Judge Hears Arguments In Parents' Lawsuit Over Florida Mask Mandates
A Leon County circuit judge began hearing arguments Monday in a high-profile lawsuit about whether Florida school districts should be able to set student mask requirements as COVID-19 continues to surge across the state.
Attorneys for a group of parents began calling witnesses whose arguments were geared primarily toward proving the delta variant of the coronavirus is a more potent enemy than previous variants.
The parents are challenging a July 30 executive order by Gov. Ron DeSantis that seeks to block county school boards from requiring students to wear masks. The lawsuit, in part, alleges that the executive order violates a section of the state Constitution that requires providing a “uniform, efficient, safe, secure and high quality system” of public schools.
“Because of the delta variant, our public schools are not safe and secure at this time unless everyone wears a mask,” Charles Dodson, a former judge who is representing the parents, said during an opening statement.
DeSantis, Education Commissioner Richard Corcoran, the Florida Department of Education and the State Board of Education are named as defendants in the lawsuit, which is being heard by Leon County Circuit Judge John Cooper.
Corcoran and the state board in recent weeks have pressured school districts to follow a state Department of Health rule that said, in part, that parents must be allowed to opt out of student mask requirements. The health department’s rule was triggered by DeSantis’ order.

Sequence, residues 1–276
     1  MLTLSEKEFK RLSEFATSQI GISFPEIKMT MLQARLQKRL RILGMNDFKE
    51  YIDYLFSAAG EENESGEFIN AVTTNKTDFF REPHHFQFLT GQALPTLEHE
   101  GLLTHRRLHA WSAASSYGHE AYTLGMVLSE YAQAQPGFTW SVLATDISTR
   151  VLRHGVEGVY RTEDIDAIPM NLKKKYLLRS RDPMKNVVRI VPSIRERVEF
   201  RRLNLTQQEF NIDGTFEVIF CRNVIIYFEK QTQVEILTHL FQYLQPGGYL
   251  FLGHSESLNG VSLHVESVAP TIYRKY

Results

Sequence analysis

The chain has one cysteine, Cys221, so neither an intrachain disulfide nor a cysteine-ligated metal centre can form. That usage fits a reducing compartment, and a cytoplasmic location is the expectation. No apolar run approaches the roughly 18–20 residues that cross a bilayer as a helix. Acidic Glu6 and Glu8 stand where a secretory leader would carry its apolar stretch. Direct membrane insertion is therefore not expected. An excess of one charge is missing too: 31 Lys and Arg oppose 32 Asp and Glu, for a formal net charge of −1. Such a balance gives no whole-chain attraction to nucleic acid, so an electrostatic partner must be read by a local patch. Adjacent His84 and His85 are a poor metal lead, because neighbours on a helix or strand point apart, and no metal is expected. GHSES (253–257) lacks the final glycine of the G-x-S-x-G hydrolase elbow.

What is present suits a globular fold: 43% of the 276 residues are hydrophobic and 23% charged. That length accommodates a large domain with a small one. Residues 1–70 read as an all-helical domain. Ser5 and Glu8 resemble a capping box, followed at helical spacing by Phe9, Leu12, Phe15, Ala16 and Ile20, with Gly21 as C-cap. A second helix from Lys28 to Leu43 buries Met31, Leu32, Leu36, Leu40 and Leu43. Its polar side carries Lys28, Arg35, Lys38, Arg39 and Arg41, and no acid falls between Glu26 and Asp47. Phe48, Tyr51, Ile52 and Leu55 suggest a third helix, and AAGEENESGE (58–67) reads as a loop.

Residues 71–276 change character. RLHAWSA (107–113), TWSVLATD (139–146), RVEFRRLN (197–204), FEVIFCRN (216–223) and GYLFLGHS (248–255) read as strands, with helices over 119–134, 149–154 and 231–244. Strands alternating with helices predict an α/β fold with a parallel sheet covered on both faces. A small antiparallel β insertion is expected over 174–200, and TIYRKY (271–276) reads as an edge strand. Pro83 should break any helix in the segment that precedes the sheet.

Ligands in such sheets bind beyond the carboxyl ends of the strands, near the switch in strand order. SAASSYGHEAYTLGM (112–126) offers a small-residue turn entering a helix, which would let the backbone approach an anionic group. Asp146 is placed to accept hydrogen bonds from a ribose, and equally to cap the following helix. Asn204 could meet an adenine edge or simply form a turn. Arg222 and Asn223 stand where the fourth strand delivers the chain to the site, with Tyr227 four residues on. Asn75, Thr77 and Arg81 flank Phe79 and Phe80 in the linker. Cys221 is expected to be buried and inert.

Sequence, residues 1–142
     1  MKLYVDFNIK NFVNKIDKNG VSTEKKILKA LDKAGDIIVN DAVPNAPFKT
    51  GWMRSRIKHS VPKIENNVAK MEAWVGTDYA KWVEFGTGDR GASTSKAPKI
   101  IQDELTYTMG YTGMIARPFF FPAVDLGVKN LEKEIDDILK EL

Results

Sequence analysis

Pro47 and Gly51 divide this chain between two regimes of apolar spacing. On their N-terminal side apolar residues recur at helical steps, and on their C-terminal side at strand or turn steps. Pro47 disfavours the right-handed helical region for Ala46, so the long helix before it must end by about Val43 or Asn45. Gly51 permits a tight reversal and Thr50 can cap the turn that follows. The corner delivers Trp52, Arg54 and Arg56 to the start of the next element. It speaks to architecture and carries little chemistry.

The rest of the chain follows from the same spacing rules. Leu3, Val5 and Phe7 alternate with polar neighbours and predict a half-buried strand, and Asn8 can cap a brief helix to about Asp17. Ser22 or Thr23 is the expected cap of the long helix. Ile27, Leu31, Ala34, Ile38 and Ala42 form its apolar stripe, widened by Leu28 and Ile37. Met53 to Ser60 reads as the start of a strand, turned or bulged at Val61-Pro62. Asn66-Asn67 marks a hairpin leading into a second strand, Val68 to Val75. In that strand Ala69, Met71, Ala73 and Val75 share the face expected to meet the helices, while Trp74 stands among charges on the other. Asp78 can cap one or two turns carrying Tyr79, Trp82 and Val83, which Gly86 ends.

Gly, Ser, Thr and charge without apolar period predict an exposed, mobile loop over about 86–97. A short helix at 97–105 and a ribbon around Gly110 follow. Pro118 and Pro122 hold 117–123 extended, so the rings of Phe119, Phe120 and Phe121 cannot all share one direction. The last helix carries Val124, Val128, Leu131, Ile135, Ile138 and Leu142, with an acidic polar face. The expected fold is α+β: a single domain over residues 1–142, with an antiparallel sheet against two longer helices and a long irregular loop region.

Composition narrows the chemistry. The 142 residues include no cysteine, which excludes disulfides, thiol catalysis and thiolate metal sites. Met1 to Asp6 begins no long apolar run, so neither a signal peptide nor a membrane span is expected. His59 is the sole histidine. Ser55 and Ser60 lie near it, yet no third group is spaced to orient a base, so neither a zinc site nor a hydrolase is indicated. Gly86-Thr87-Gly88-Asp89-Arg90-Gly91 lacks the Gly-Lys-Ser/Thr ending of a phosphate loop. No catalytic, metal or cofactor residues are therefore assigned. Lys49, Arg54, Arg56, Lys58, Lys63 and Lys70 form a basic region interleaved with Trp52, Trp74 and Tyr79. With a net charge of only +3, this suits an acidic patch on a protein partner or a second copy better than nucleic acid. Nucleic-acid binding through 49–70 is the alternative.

The plaintiffs’ lawyers called on Thomas Unnasch, a University of South Florida professor who specializes in disease control, to reinforce the argument that the delta variant increases the need for students to wear masks in classrooms.
“This does appear to be a more pathogenic virus that’s causing more illness in children in all age groups than the variants that we’ve previously seen,” Unnasch said during questioning by the plaintiffs’ attorneys.
Unnasch called into question a Brown University study cited in DeSantis’ executive order. The study was used as a basis for the order asserting there is no “well-grounded scientific justification” for forcing children to wear masks.
“The Brown University study, no, would not have reference to any data relevant to the delta variant. It was conducted in the spring of this year … during the (2020-2021) school year, spring semester. It wouldn't have included anything with the delta variant, which really took off late June, early July,” Unnasch said.
Daniel Bean, an attorney representing the state, questioned Unnasch about “different opinions among experts in the medical field, regarding the efficacy of mask wearing among students” and the transmission of COVID-19.
Dodson, in his introductory remarks to the court, called DeSantis’ order “arbitrary and capricious” and said his clients seek only to allow local control by school boards.
“We are not asking the governor to mandate masks but only that he allow local school boards to do so without punishment, should they so choose,” Dodson said.